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Government degree funding cuts contradict own lifelong learning policy, says UCU

18 October 2007 | last updated: 14 December 2015

Government plans to axe degree funding for certain students contradict its own lifelong learning agenda and will hit universities offering courses to adults and part-time students the hardest, warns UCU today.

In September, the government announced that, from 2008, £100m of funding for students who are studying for a higher education qualification that is equivalent to, or lower than, a qualification that they have already been awarded would be withdrawn.

Analysis by UCU of the data on the potential financial implications for universities and colleges has revealed that post-92 universities (former polytechnics) and institutions specialising in offering degrees to workers wishing to retrain will be the biggest losers under the new regime.

The Open University will be worst hit losing over £31.6 million in teaching funding by 2014-15. Birkbeck College, University of London, will lose more than £7.8 million over the same period. Post-92 institutions feature prominently at the top of list of the biggest losers, although Oxford University comes in fourth and will lose over £4m.

The union's full analysis can be found here [331kb].

Certain subject areas such as health-related degrees, social work, initial teacher training courses and medicine and veterinary studies will be exempt from the cutbacks. However particular subject areas, mainly in the social sciences and the humanities, are likely to bear the brunt of reductions in public funding.  A full list of protected courses is available on the HEFCE website.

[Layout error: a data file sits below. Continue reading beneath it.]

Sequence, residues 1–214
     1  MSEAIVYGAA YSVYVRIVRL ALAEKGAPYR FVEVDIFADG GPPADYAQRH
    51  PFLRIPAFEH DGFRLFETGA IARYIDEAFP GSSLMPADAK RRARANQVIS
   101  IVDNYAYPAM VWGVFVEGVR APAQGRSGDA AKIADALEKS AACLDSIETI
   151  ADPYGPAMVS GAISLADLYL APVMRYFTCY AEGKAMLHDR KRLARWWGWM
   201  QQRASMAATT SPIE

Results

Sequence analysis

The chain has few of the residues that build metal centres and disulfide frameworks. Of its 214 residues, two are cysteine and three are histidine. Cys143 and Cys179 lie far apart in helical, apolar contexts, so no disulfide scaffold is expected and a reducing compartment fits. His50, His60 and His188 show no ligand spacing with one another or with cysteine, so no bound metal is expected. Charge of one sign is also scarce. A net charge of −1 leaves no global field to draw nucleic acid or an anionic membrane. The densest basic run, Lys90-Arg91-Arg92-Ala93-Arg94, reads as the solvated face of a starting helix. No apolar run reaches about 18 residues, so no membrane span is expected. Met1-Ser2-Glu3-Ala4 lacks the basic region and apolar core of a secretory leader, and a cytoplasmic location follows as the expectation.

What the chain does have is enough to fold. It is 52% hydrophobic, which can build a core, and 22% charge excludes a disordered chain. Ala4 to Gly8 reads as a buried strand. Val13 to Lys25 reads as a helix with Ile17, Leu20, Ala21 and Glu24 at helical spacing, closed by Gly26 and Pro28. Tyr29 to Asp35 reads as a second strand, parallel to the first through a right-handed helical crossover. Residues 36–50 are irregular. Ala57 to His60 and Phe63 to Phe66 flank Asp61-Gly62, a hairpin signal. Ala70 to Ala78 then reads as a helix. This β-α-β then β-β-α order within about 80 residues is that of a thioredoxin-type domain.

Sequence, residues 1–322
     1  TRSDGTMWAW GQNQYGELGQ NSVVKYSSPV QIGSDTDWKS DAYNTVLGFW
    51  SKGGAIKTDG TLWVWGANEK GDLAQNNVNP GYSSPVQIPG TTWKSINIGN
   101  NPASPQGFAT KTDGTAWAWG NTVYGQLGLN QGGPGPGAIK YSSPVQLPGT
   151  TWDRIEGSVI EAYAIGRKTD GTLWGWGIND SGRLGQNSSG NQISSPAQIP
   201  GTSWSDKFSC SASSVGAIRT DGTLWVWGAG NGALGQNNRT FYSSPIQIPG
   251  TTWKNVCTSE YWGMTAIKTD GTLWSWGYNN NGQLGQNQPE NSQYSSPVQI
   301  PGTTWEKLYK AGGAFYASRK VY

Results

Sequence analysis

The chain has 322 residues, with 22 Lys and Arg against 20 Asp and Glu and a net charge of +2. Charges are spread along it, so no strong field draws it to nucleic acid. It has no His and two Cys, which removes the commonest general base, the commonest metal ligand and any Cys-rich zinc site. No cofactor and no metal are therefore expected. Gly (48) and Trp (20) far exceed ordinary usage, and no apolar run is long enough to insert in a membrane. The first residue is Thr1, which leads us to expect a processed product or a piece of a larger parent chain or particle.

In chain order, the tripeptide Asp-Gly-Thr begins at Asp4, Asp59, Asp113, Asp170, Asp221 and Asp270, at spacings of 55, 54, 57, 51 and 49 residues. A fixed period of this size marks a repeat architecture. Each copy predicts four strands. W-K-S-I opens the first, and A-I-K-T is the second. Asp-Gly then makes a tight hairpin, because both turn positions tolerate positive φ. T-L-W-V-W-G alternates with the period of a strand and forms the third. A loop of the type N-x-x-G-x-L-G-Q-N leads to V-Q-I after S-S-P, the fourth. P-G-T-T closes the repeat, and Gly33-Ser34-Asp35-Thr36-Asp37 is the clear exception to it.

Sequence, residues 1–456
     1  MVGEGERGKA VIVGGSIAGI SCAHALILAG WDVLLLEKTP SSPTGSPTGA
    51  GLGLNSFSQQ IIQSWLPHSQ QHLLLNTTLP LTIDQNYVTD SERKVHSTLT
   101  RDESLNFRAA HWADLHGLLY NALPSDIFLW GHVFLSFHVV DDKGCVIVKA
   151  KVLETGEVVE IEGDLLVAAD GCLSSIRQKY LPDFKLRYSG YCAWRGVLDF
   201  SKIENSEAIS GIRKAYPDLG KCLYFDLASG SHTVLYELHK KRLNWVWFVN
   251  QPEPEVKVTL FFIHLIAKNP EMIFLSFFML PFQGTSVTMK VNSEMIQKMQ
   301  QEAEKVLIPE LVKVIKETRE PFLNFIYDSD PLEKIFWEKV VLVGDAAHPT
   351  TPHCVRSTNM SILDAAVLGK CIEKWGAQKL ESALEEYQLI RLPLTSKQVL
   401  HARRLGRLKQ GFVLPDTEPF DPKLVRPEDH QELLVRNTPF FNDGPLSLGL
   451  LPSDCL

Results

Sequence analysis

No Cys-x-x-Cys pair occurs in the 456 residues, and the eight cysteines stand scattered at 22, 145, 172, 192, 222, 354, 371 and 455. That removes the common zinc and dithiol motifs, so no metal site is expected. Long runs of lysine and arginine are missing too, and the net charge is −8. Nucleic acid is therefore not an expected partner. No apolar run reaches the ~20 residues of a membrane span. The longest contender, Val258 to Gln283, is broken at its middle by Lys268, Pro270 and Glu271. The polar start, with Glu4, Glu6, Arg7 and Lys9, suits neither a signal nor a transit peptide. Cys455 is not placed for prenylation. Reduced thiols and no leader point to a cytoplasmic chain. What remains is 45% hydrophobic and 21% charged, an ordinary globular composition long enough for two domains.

UCU general secretary, Sally Hunt, said: 'The government may prefer to describe these cuts as a reallocation of funding, but the bottom line is that institutions doing the most to try and deliver both the widening participation agenda and the lifelong learning agenda will be hit the hardest.

'The Leitch report makes it clear that people need to retrain and refresh their skills. We fully support initiatives to encourage new learners into higher education, but we cannot support doors being slammed in the faces of others who wish to develop their skills. These cuts completely undermine the government's desire to provide the workforce with accessible part-time provision.'

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